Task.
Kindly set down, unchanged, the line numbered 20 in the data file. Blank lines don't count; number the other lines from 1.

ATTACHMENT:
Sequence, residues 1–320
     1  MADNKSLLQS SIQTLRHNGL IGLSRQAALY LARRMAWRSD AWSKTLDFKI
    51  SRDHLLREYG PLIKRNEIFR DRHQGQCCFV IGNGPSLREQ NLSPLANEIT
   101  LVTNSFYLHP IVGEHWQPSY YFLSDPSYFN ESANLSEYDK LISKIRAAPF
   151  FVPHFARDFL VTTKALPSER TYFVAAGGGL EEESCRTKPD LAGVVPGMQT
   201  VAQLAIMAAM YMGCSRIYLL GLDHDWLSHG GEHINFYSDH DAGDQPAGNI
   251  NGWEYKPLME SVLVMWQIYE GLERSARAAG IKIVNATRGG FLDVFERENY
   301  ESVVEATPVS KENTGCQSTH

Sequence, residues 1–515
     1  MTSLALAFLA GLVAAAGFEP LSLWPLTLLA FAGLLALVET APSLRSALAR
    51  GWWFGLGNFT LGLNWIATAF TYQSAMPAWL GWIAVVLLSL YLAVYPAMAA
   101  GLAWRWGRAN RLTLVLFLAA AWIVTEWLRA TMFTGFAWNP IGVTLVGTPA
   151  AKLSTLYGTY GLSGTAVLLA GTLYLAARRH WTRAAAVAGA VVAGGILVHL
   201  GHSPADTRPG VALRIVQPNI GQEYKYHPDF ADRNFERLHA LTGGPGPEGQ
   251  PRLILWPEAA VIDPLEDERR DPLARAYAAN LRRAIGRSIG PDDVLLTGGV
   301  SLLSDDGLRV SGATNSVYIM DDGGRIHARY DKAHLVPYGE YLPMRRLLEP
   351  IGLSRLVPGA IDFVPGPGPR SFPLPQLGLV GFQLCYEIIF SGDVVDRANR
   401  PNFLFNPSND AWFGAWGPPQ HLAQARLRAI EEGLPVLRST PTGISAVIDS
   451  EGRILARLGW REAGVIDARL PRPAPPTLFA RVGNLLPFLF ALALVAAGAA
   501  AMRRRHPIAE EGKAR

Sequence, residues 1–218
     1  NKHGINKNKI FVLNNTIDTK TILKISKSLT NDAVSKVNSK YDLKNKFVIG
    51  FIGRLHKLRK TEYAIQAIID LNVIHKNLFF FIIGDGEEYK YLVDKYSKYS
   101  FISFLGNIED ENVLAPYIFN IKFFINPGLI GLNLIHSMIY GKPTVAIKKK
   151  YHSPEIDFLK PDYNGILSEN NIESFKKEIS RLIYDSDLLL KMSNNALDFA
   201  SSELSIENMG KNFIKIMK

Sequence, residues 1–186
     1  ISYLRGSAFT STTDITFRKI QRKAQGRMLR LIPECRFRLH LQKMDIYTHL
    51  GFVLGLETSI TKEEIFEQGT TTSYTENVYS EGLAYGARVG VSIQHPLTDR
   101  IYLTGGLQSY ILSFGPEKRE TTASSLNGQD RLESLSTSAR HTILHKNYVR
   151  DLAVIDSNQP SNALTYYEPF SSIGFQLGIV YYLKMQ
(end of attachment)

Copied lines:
   501  AMRRRHPIAE EGKAR